America, you can’t buy responsibility

By: Josh Bozzick

On Saturday night the Powerball jackpot lottery failed to have a winner in yet another drawing. This would not be headline news if this was its first drawing, but this was its 18th drawing since Nov. 7.

All Powerball jackpots begin at $40 million and grow until there is a winning ticket. That number has ballooned to an estimated and unthinkable $1.3 billion. In case you were wondering, that is the largest jackpot in any lottery in North American history. If a winner is announced this week, he or she could receive the winnings as a lump sum of $806 million.

Let’s compare this historic Powerball jackpot to a few other things. As big as $1.3 billion seems, it would still be less valuable than any of the 32 teams in the National Football League. Even the Buffalo Bills, the NFL franchise with the lowest net worth according to Forbes Magazine, are worth $1.4 billion.

Donald Trump has a net worth of $4.5 billion. So the $1.3 billion wouldn’t get you on his level, but it could give you the same opportunity to run your own campaign free from the interests of any donors or lobbyists.

Now let’s compare this number of $1.3 billion to a number I am sure we as Americans are frighteningly familiar with. The U.S. national debt is closing in on $19 trillion dollars. The jackpot is only 0.0068 percent of the total debt.

Forget the other numbers I compared this massive jackpot to. It was only to show you how insane our national debt really is when you compare it to the historic payout of this lottery.

Lotteries set aside about 40 percent of their ticket sales as state revenue that often goes to schools. However they are almost always a losing bet. Not much separates lotteries from casinos, besides the fact they can pay out more and are legal in all but six states. According to an article published on the Atlantic, Americans in the 44 states where lotteries are legal spent $70 billion on tickets in 2014. This comes to an average amount of $300 per adult. To make it worse, lotteries tend to advertise more aggressively in poorer regions, and the people who live there buy the most tickets.

Lotteries are simply a pipe dream for the over 99.9 percent of people who buy a ticket. The irony of it all is our country is in this huge amount of national debt largely because of poor financial decisions, both on a macro and micro level.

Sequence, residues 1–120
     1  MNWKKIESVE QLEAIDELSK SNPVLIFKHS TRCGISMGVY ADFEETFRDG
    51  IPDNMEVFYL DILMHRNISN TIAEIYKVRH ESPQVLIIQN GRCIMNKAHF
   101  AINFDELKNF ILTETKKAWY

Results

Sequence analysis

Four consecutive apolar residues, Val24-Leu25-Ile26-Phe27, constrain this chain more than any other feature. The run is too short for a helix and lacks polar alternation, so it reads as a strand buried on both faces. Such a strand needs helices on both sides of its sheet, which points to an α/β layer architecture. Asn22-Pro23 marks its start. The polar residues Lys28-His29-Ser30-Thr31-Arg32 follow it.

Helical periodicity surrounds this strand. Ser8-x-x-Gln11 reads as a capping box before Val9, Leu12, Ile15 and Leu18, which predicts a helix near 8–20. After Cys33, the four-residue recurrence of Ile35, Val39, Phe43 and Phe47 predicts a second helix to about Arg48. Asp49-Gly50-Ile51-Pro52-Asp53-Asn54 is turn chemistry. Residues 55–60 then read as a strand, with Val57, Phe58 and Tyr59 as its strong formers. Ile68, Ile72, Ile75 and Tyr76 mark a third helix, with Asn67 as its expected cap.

I believe such a lack of care for what we do with our money as Americans stems from

1
Josh Bozzick is a junior finance major from Princeton, N.J.

economic and financial illiteracy. Until college, neither a basic economic nor finance class was every required of me or even offered in my 12 years of public schooling. That is not only a disgrace but an embarrassment to our education system. For those of you who are not business majors, you may never take a class in your entire schooling life that teaches you how to save and grow your money. That is scary, and it reflects itself in the debt and spending habits of many Americans.

Instead of throwing away the $300 a year the average American adult spends on the lottery, that money should be put away in savings accounts or invested into stocks for it to grow overtime. Every person should understand the TVM (time value of money).

As Americans, we seem to want an easy fix for so many things, including making money and attaining wealth. There is no such thing, and we must realize this and financially educate ourselves if we ever want to improve our nation’s financial health.

A record payout amount for the Powerball jackpot lottery is a cute headline, but the more meaningful headline should be the lack of money well spent or lack of money well saved and invested in.

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